2. Sell property to the IRA – you and any member of your family are not allowed to engage in a transaction to sell property to the IRA.
  3. Secure a loan with it – you cannot use an IRA as a form of collateral for a loan.
  4. Purchase property for personal use – while purchasing real estate and other forms of property is allowed, the property cannot be intended for personal use. For example, you cannot purchase a vacation home with an IRA, as the purpose of the property would be for your family to use on vacation. You could however purchase an investment property.

Leveraged Purchase – The best option is to have a large enough balance for a cash purchase. I say this because while lending options are available the prevailing rates and fees are going to be higher than traditional mortgages. Why? Lending to an IRA is a very specialized loan. These loans are riskier for the banks because there is no recourse other than the property used for collateral. The loan is made directly to the IRA, and the beneficiary of the IRA is not at risk personally. As a result of the increased risk, these loans have higher down payment requirements. In some instances, the lender may require as much as 50% of the value of the property. The lenders might also require a reserve in the IRA to cover the mortgage payment if the property is vacant for a period of time.

Custody – In a traditional purchase, the property is deeded to you or a business as the owner. Because the purchase of the real estate is made within an IRA, the formal deeded owner of the property is the IRA. As a result a custodian must be willing to hold the real estate property as an asset within the IRA for your benefit. Because IRAs have specific IRS rules as a retirement plan, a custodian is required to track all the activities of the IRA. The custodian has a responsibility to report or track activities such as contributions and distributions. The problem with a real estate purchase in an IRA is that traditional institutions such as Charles Schwab or Fidelity will not take responsibility for the tracking and providing the services necessary to facilitate the transaction. The good news is that there are custodians that will hold these assets, but you will want to research them carefully before choosing one to use. In my research, I found both Equity Trust and Millennium Trust will provide the services for real estate purchases.

Taxes – In a traditional real estate investment, depreciation on the property’s structure is a great benefit. The depreciation offers a deduction on your taxes to reduce your tax burden given the income stream generated by the investment property. Because the IRA is tax sheltered and is the owner of the asset, there is no tax benefit for depreciating the asset. Fortunately, this also works in your favor. Any cash flow generated from the property is paid directly to the IRA and not taxed as income. Taxes will be paid in the future when distributions are done from the IRA.
Another tax consideration is unrelated business income. According to the IRS, an activity is identified as Unrelated Business Income if it meets three requirements.

  1. It is a trade or business,
  2. It is regularly carried on, and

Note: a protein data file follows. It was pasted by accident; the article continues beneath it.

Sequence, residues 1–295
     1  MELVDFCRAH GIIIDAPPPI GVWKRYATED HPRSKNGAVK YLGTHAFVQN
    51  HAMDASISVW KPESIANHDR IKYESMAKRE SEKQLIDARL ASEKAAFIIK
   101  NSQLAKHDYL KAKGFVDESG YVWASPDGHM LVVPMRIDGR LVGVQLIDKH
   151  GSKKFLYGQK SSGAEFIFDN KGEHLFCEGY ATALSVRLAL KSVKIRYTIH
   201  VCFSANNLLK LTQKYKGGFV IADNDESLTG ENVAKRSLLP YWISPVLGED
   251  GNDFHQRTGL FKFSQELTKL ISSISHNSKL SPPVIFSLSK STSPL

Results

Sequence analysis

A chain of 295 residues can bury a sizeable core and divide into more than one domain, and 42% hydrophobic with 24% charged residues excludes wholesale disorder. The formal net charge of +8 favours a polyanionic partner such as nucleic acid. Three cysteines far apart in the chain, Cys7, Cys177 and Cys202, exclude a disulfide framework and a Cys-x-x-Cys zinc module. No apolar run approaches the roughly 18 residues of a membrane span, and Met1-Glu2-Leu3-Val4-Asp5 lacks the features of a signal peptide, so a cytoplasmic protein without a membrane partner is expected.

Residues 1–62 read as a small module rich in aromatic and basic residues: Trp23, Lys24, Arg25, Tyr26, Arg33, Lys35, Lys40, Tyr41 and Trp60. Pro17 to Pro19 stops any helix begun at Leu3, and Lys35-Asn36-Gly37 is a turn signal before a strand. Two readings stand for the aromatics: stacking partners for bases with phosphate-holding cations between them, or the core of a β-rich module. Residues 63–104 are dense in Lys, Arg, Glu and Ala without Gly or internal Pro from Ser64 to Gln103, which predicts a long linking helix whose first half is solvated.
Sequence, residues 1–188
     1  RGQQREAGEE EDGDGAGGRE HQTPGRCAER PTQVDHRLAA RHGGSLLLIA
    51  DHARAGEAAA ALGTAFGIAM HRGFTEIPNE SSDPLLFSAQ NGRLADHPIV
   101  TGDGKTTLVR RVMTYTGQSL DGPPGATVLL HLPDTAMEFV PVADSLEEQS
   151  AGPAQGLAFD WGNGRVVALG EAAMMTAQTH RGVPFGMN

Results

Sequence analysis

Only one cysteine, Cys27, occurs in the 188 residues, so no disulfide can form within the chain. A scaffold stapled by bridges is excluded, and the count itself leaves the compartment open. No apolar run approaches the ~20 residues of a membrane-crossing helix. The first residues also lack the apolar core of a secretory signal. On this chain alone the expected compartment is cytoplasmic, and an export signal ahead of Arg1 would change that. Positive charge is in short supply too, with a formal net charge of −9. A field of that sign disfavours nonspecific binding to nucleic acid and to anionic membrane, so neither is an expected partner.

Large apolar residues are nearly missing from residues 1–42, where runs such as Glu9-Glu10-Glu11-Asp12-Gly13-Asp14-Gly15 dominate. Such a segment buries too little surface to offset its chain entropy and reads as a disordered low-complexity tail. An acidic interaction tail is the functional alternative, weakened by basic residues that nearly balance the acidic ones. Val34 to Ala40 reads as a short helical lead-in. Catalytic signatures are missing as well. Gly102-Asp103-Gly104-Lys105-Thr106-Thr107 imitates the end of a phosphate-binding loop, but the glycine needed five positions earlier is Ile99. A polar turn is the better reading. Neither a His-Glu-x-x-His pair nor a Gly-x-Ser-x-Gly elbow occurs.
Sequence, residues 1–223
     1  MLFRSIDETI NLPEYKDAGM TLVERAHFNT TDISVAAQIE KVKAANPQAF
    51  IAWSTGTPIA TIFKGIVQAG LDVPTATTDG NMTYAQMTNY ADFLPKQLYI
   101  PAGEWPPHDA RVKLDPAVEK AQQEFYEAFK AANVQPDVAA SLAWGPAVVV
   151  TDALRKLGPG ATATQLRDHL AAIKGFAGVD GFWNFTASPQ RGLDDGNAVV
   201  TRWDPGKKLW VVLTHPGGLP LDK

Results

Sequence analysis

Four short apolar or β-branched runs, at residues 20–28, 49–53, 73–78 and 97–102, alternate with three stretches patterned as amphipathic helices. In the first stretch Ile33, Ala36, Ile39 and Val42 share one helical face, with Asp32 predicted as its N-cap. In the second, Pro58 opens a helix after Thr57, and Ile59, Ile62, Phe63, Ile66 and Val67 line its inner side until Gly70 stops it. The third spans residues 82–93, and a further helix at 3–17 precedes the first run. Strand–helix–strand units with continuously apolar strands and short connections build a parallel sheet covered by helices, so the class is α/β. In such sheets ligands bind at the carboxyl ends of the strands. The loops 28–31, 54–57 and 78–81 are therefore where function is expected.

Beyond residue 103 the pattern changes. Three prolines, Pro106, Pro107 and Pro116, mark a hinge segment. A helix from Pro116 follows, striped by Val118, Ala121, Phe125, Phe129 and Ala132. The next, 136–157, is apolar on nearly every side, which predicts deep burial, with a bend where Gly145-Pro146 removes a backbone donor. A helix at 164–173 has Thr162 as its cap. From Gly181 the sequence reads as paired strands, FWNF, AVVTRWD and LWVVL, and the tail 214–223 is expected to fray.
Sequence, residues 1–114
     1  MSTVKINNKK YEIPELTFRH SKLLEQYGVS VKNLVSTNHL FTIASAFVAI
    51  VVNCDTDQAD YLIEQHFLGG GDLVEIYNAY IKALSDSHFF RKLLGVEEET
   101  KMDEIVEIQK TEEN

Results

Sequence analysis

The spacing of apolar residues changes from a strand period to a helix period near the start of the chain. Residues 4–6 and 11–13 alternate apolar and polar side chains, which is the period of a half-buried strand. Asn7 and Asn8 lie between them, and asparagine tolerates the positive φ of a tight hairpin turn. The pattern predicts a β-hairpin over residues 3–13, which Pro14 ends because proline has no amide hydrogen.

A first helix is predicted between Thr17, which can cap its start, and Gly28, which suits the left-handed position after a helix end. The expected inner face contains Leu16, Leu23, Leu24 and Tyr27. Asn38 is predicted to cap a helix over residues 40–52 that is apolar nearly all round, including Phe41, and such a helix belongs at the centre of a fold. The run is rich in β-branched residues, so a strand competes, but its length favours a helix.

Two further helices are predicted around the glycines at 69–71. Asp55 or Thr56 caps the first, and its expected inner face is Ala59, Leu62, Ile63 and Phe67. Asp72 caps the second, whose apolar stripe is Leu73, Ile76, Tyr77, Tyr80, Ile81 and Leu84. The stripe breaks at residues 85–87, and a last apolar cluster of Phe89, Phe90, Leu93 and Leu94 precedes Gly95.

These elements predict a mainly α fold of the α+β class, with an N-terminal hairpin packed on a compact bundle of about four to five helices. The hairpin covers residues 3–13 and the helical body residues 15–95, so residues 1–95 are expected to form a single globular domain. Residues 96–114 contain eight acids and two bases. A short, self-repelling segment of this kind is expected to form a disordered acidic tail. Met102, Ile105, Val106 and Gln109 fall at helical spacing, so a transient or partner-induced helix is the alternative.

3. It is not substantially related to furthering the exempt purpose of the organization.

The IRS does identify certain activities that are exceptions to this rule. Specifically, rental income and gains or losses from the disposition of property are listed as excluded activities.

Maintenance and Improvements – Since the property is formally owned by the IRA, all maintenance and improvements need to be made with capital available in the IRA. It is important to maintain a cash reserve to insure that immediate maintenance needs can be addressed. Since there is an annual contribution limit imposed for IRAs, you are not able to quickly add capital for use to maintain the property. Planning for unseen events is critical.
While real property is a potential option for investing in your IRA, you should carefully consider all the implications. The goal of these considerations is to begin the process of thinking through what should be addressed, but it does encompass all aspects that must be reviewed. I highly recommend seeking guidance from a professional for your personal situation before making an investment that potentially risks the tax exempt status of the entire IRA.

Please remember that past performance may not be indicative of future results. Different types of investments involve varying degrees of risk, and there can be no assurance that the future performance of any specific investment, investment strategy, or product made reference to directly or indirectly in this article, will be profitable, equal any corresponding indicated historical performance level(s), or be suitable for your portfolio. Due to various factors, including changing market conditions, the content may no longer be reflective of current opinions or positions. Moreover, you should not assume that any discussion or information contained in this article serves as the receipt of, or as a substitute for, personalized investment advice from Courage Miller Partners, LLC. To the extent that a reader has any questions regarding the applicability of any specific issue discussed above to his/her individual situation, he/she is encouraged to consult with the professional advisor of his/her choosing. Any links to outside organizations or information is not an endorsement of their products or services. A copy of our current written disclosure statement discussing our advisory services and fees is available for review upon request.

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Jeffrey Miller5 things to consider about investing your IRA in Real Estate